The Janice Emens McAdam Department of Physics

Twin Suns: Binary Stars and Supernovae

19 April 2016


Dr J J Eldridge
Dr JJ Eldridge

Supernovae are the explosive death-throes of massive stars that have burnt all their available nuclear fuel.

Supernovae create and disperse most of the heavy elements in the Universe. In fact, many of the atoms in our bodies were created by supernova explosions. They might have then drifted as star dust forever if it weren’t for another supernova – whose shock waves triggered collapses in the densest parts of the galactic dust cloud. This led to the formation of stars and eventually planetary systems, including our own.

Astrophysicists at the University of Auckland are building a unique set of computer codes to understand the evolution of binary stars, single stars, and their supernovae. To confirm our models, we check that these theoretical stars reflect reality, matching them to rapidly growing observational databases of stars, galaxies, and supernovae.

The details

Star-forming regions in the Eagle Nebula
Star-forming pillars in the Eagle Nebula © NASA, ESA, and The Hubble Heritage Team (STScI / AURA)

We are one of very few groups in the world considering binary star systems in all our work and calculations. Approximately 70% of all stars have at least one companion, and 25% have two or more. Stars that live out their lives in close proximity to another star (or stars) evolve differently from singletons. And every time we compare our models to observations we find that including binary stars is key to understanding the Universe. 

When exothermic (heat-producing) nuclear reactions cease in the core of a very massive star, there is no longer an outward force to counteract the immense gravitational pull of the star’s own mass. The star collapses inwards and then blows itself apart in a cataclysmic outburst.

Type II supernovae

Half of all supernovae are hydrogen-rich explosions, and classified as Type II. A number of their progenitor stars are relatively well understood, since they have been detected in images taken before they exploded. This is the best way to understand the stars that give rise to supernovae – but it relies on us being lucky enough to have captured a pre-explosion image of the galaxy in question. A classic example is Supernova 1987A, captured in before and after images below.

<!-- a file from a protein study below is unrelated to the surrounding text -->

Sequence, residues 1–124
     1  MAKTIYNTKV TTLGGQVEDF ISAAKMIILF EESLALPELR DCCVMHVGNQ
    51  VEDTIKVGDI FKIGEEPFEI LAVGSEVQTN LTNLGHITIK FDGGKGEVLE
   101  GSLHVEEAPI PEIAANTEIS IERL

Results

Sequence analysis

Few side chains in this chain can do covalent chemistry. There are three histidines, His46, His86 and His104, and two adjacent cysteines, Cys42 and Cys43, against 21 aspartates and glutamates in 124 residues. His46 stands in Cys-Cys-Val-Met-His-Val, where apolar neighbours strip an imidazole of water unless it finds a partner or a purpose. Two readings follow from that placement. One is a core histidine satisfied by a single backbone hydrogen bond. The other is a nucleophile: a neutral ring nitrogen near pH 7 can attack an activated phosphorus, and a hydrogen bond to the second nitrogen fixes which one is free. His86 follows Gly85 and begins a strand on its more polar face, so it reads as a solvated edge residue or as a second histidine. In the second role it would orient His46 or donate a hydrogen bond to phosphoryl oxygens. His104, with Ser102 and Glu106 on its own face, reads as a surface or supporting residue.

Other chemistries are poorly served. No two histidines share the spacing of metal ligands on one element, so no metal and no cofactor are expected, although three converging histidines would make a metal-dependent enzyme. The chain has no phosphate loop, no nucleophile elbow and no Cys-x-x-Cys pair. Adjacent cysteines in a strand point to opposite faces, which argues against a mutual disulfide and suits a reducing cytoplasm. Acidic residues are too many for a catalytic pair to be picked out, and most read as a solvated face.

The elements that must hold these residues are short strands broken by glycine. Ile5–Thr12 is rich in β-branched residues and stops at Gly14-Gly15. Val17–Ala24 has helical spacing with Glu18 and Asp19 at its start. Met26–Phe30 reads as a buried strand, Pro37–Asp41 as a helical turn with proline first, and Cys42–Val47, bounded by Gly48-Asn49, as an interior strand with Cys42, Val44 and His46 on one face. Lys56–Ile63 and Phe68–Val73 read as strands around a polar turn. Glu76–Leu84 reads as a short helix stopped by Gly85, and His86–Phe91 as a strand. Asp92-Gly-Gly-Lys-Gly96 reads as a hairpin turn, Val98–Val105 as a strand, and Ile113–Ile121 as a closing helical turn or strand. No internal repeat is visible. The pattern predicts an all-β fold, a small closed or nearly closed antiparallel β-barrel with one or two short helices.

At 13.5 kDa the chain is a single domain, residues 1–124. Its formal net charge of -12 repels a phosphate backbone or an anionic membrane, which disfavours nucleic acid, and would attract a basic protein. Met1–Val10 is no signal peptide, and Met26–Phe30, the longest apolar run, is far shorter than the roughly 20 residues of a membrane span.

Before and after images of Supernova 1987A
Before and after Supernova 1987A, which occurred at the edge of the Tarantula Nebula in the Large Magellanic Cloud (a nearby dwarf galaxy) © AAO, photographs by D. Malin

Type I supernovae

The stellar progenitor of a Type Ib/c supernova has lost all hydrogen from its surface, becoming a helium star. This category is particularly obscure, as there is currently only a single observed progenitor star. However, it appears to confirm the growing suspicion that most of these events come from binary systems where the paired stars have interacted. It is already widely accepted that for Type Ia supernovae, a carbon-oxygen white dwarf attracts so much matter from its companion star that its swollen mass causes it to explode. (White dwarves are stellar remnants of extreme density, being around the size of the Earth but the mass of the Sun.) 

Stellar populations and galaxies

To model the death of a star we must calculate its entire life history. The more we understand how stars evolve, the better we can model stellar populations in galaxies and indeed the evolution of galaxies themselves. 

Galaxy M51a, which hosts unusually frequent supernova events
Galaxy M51a hosts unusually frequent supernova events, left 2005 and right 2011. Supernovae are indicated with yellow lines. Copyright © R Jay GaBany,

We can also work in the other direction – using our expanding knowledge of galaxies to better understand the supernovae within them. For example in the images below, two supernovae are seen in the spiral arms of nearby galaxy M51a. They’re located in middle-aged stellar populations. 

PhD student Lin Xiao is studying very young stellar populations and modelling their emission nebulae (clouds of ionised gas) to estimate how many stars are being formed. She is then cross-referring to the observed supernova rate in order to check whether the theoretical models are correctly predicting the number of stars being born and dying. This research will provide a sensitive test for our ideas about the lives of stars and galaxies.

Further links

JJ Eldridge's staff profile

JJ Eldridge on Twitter

The Binary Population and Spectral Synthesis (BPASS) website

Postgraduate research topics in physics

Funded PhD opportunities in physics

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